Courtesy Raad Studio

In a video, the MTA invites developers to build an underground park

You may be familiar with the Essex Street Trolley Terminal if you’ve taken any interest in the so-called Low Line project, covered here. Now, perhaps reacting to public interest stirred by the Low Line’s seductive renderings and the sci-fi allure of an underground park, the MTA, which owns the property, has produced a video tour of the subterranean vacancy in an attempt to lure potential investors and design professionals. As tour guide and MTA employee Peter Hine suggests, the space is conducive to all manner of inventive reuse, not the least of which includes an elitist restaurant with views to the paupers riding on the adjacent subway line or, of course, a night club. Never does he mention the idea for a park, as his revenue-driven proposals implicitly deny the plausibility of realizing a public project such as the Low Line. Given that most public parks aren’t the High Line–meaning they generate little to zero profits for the parties involved–it seems sadly unlikely that anything remotely creative or funky as the Low Line will occupy the abandoned Trolley Terminal beneath Delancey Street any time soon.

This article originally appeared at Architizer.com, an Atlantic partner site.

About the Author

Most Popular

  1. photo: bicyclists in Paris during a transit strike in December.
    Transportation

    Paris Mayor: It's Time for a '15-Minute City'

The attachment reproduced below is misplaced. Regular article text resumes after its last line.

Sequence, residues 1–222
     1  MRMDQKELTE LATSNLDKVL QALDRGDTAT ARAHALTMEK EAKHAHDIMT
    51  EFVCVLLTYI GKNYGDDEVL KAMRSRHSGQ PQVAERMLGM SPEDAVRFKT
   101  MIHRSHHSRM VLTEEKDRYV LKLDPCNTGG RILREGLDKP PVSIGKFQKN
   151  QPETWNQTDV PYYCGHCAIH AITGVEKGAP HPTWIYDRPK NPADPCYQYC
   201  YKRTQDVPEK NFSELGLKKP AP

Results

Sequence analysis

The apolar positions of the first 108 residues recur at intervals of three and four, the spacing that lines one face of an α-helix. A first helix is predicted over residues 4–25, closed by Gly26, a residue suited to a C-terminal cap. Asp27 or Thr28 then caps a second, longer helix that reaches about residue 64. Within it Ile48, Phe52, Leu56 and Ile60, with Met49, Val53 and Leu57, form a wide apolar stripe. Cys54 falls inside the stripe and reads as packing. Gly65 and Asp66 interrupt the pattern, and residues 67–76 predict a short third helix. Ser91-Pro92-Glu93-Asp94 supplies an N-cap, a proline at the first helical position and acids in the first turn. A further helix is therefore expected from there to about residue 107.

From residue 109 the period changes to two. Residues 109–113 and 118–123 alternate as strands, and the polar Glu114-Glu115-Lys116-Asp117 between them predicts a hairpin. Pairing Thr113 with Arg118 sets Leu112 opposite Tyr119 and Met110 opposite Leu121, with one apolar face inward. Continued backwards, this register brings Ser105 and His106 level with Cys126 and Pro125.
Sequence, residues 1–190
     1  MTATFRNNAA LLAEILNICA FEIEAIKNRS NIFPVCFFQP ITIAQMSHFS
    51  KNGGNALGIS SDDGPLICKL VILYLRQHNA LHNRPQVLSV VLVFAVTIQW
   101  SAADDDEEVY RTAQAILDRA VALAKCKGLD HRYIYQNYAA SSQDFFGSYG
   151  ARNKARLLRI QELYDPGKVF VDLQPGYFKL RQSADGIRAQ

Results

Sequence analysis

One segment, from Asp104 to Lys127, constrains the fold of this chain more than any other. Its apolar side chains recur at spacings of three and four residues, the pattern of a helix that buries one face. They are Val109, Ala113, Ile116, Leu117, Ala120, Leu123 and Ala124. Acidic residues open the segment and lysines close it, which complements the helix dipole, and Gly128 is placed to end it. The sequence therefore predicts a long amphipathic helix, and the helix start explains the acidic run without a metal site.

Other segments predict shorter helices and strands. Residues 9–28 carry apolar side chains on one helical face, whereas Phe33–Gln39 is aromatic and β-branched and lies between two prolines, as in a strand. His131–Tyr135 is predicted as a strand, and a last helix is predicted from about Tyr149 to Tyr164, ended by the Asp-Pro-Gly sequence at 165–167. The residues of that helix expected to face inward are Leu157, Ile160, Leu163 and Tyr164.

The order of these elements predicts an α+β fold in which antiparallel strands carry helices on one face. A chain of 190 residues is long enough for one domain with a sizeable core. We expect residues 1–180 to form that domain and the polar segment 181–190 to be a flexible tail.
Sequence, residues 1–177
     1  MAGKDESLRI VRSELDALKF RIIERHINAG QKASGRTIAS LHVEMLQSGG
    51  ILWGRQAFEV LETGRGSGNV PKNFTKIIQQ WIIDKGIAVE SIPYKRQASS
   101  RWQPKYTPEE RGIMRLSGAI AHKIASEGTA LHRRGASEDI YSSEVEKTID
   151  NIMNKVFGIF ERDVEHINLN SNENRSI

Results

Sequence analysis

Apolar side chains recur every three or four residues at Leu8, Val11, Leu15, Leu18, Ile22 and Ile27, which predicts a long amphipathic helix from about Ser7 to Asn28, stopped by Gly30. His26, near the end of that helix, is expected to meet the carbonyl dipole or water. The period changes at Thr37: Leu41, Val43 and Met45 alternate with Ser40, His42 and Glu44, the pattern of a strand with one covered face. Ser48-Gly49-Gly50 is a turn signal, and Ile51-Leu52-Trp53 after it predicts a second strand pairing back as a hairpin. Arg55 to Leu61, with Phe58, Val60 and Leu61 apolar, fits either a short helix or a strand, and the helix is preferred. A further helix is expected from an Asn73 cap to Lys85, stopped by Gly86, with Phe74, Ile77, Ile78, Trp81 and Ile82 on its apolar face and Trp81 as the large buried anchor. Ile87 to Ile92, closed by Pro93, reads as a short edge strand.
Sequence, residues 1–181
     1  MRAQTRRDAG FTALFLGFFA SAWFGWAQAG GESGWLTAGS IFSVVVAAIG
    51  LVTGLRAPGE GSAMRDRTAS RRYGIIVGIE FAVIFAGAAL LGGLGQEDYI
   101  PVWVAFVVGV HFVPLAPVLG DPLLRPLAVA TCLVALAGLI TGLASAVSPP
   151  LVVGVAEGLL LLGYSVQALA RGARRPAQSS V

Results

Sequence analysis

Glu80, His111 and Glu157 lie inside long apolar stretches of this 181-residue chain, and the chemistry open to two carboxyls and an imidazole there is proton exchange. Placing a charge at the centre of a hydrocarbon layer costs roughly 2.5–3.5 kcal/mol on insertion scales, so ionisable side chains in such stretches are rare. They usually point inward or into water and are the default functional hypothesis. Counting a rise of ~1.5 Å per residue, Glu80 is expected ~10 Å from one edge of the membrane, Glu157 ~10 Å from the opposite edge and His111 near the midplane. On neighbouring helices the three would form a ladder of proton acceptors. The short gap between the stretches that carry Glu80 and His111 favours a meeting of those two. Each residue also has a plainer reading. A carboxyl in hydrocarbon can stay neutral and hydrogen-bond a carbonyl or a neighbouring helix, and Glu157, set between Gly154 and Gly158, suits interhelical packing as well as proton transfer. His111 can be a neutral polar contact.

In her re-election campaign, Mayor Anne Hidalgo says that every Paris resident should be able to meet their essential needs within a short walk or bike ride.

  2. photo: a wallet full of Yen bills.
    Life

    Japan’s Lost-and-Found System Is Insanely Good

    If you misplace your phone or wallet in Tokyo, chances are very good that you’ll get it back. Here’s why.

  3. photo: Utah Department of Transportation workers inspect a highway bridge under construction on Interstate 15 in American Fork, Utah.
    Transportation

    What 4 Years of Trump’s Transportation Budgets Add Up to

    In his 2021 budget request, President Trump sends mixed messages about federal funding for highways, bridges, and railways. Sound familiar?

  4. A photo of a police officer in El Paso, Texas.
    Equity

    What New Research Says About Race and Police Shootings

    Two new studies have revived the long-running debate over how police respond to white criminal suspects versus African Americans.

  5. Transportation

    Why Did America Give Up on Mass Transit? (Don't Blame Cars.)

    Streetcar, bus, and metro systems have been ignoring one lesson for 100 years: Service drives demand.

×